Dance is hard on the body. The long hours of practice means a dancer’s muscles can be sore due to muscle fatigue.
However, it is important to know what is normal soreness, and what may be a sign that your dancer may be putting themselves at risk for injury. Being able to identify the type of pain your young dancer is feeling will help to make sure they are not continuing to practice when they should be evaluated by a medical provider.
How to Identify “Good” Versus “Bad” Dance Pain
Most dance injuries occur in the ankle, hips, knees or lower back, with the majority occurring in the feet or ankles. This is caused by the high demand placed on the body when you dance. Determining the difference between “good” and “bad” pain is vital in figuring out how to treat it.
“Bad” pain is the kind of pain that bothers you not only in dance class, but also outside of dance class in activities of daily life. It can be either sharp or achy and normally gets worse with activity. Most dance injuries happen gradually, and get worse over time. Occasionally, there may be an acute injury where swelling occurs with the pain that limits our ability to fully bend or straighten a body part. It may cause a dancer to limp. This would also be a reason to see a medical provider.
Main Causes of Injuries in Young Dancers
You will often hear the term overuse used as a reason why a dancer is experiencing pain. This occurs when the amount of time spent dancing begins to exceed the body’s ability to recover. It is important to recognize the importance of rest and recovery within the dancer’s training, and realize that certain seasons in a dancer’s year may not always accommodate periods of rest as well as they ideally should.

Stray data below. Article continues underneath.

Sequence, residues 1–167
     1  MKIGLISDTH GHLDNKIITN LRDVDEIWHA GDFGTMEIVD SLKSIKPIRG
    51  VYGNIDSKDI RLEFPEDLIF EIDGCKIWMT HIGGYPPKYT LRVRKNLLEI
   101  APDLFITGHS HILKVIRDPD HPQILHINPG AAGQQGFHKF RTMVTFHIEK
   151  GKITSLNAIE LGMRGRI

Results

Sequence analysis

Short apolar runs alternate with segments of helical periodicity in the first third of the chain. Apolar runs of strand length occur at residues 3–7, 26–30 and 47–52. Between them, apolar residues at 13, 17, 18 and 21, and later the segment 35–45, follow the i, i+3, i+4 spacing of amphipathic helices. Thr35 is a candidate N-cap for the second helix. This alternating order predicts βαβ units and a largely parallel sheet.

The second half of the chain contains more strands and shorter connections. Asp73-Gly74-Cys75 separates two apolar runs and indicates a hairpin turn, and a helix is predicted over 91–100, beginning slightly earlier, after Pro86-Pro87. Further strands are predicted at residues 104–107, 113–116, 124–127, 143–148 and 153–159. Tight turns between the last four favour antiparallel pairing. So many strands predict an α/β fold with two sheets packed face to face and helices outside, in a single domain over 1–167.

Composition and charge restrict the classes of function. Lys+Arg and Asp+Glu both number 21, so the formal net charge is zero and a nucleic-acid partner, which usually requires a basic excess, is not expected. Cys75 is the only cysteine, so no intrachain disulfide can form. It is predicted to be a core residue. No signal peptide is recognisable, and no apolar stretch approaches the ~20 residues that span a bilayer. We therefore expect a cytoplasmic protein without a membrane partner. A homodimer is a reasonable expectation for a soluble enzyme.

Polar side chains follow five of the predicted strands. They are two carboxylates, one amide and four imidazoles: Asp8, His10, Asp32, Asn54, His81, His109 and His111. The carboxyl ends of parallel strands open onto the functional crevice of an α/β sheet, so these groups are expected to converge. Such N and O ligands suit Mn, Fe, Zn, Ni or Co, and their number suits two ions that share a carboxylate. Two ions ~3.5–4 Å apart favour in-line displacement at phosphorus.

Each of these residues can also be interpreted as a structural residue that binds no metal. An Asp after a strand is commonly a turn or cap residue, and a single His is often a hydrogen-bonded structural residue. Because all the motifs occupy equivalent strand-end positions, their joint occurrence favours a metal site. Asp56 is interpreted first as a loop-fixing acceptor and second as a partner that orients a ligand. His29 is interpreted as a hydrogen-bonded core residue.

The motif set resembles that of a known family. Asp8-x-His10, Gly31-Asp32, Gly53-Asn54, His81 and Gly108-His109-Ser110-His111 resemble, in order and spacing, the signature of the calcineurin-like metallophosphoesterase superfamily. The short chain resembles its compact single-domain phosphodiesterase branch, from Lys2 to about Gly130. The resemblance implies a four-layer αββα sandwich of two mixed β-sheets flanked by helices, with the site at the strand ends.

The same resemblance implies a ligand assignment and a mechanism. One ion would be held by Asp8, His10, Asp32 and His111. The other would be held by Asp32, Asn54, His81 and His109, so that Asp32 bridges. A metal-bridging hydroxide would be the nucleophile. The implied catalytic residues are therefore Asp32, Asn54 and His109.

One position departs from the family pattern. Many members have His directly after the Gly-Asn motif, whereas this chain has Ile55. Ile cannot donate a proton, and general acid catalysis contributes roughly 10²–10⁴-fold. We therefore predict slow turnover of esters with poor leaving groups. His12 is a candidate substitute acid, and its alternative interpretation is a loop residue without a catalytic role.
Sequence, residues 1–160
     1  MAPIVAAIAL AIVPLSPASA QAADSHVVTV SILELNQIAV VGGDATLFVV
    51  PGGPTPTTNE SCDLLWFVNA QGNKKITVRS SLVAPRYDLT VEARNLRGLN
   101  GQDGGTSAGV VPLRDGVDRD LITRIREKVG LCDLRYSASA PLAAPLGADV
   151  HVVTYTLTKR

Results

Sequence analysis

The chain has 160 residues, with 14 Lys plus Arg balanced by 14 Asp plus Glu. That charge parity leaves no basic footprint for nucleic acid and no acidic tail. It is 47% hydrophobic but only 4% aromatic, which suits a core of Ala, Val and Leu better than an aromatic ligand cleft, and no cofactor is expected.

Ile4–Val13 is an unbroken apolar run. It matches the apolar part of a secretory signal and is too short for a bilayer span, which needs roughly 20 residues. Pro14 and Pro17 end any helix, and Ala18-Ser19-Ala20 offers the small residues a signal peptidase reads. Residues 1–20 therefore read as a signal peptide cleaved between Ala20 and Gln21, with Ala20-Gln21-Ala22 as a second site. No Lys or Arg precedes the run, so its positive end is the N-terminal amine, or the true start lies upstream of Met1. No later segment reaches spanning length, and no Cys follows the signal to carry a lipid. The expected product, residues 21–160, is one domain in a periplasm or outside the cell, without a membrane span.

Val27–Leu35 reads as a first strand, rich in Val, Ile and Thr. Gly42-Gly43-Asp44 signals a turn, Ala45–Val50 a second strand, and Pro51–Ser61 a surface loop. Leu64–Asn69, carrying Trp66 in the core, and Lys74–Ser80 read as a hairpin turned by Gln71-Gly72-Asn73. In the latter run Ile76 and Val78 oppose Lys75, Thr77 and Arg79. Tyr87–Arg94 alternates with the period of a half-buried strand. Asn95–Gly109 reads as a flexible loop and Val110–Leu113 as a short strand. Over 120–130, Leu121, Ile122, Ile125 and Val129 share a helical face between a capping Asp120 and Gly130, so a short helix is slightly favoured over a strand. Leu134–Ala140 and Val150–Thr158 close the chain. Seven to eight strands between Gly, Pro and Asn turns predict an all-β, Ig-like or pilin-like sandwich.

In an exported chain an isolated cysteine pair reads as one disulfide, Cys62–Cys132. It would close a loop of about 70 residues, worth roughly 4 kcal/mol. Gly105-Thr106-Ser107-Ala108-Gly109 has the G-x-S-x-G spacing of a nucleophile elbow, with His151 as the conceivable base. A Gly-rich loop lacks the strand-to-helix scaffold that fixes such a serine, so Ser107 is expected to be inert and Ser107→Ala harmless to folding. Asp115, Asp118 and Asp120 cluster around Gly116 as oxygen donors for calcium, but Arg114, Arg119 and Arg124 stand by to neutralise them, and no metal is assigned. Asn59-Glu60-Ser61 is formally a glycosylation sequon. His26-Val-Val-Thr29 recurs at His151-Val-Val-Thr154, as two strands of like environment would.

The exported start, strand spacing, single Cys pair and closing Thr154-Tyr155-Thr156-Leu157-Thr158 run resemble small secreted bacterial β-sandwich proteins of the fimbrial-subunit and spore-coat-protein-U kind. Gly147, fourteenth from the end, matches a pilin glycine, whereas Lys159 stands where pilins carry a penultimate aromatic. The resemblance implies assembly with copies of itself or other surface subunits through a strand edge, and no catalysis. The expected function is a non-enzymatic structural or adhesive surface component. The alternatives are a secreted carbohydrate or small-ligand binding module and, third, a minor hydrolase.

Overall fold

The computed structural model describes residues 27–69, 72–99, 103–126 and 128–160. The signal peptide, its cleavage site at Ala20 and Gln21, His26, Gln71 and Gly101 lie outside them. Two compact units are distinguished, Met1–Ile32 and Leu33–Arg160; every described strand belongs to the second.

This places the dancer at greater risk to experience an injury. It is important to realize that small changes in practice schedules can have a significant impact on helping recover from their demanding schedule. A dance medicine specialist can offer many suggestions on rehearsal modifications to dance smarter, not harder, when they are injured.
A flaw in a dancer’s technique is another common contributor that may predispose a child to injury. Most technique flaws start with a dancer’s turnout position. This is the fundamental position that all dancers base their movement.
The motion generated during dance should come from the muscle support of a dancer’s hips, with their knees and ankles subsequently falling into place. Problems arise when a dancer tries to force their turnout. That means instead of relying on their hips to be in the proper position, they use the friction of the floor to turn their feet out — creating more force than their body is ready for. This puts extra stress on the knees and back and will eventually cause pain.
Many injuries happen when a dancer experiences a sudden acceleration in growth in their body, called a growth spurt. During this time of transition, a dancer may no longer be able to perform a move properly that they once were able to do with ease. They may not be as flexible as they once were, or may need to get stronger to help control their longer limbs.
This period of rapid growth normally lasts 18-24 months, and may place extra stress on open growth plates, which may sometimes result in pain. The adolescent growth spurt also tends to occur as dancers start to practice longer hours, which can compound the issue.